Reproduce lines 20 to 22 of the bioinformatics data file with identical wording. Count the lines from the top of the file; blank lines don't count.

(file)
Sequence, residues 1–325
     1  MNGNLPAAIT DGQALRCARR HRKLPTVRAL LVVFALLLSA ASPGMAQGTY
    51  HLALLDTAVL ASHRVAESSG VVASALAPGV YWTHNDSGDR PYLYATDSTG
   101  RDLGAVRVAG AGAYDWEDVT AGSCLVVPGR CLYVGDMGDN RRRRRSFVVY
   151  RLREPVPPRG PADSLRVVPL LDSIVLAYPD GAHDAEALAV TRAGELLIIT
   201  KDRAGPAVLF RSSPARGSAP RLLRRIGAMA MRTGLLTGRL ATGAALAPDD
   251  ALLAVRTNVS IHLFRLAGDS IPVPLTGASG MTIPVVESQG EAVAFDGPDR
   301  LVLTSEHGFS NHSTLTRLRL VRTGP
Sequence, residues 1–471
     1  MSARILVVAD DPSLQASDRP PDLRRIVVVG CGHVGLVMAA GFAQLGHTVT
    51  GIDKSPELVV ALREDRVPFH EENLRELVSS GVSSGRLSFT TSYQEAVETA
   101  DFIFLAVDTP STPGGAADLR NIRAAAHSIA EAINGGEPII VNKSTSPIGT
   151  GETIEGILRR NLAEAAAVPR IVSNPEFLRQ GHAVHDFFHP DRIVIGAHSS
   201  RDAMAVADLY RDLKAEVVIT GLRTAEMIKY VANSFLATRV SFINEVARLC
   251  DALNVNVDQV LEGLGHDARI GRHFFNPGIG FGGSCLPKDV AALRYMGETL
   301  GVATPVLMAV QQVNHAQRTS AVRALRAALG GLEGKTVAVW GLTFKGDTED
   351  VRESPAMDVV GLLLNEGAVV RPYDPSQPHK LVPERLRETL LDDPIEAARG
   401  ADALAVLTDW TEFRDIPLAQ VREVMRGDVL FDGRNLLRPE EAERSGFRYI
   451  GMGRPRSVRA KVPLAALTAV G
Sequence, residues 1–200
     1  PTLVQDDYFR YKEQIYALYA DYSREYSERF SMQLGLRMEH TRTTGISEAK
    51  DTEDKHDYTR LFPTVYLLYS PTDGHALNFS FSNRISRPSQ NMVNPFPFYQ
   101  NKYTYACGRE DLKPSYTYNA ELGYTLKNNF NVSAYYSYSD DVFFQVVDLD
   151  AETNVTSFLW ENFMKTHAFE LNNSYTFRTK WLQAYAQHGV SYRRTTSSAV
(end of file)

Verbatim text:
Sequence, residues 1–200
     1  PTLVQDDYFR YKEQIYALYA DYSREYSERF SMQLGLRMEH TRTTGISEAK
    51  DTEDKHDYTR LFPTVYLLYS PTDGHALNFS FSNRISRPSQ NMVNPFPFYQ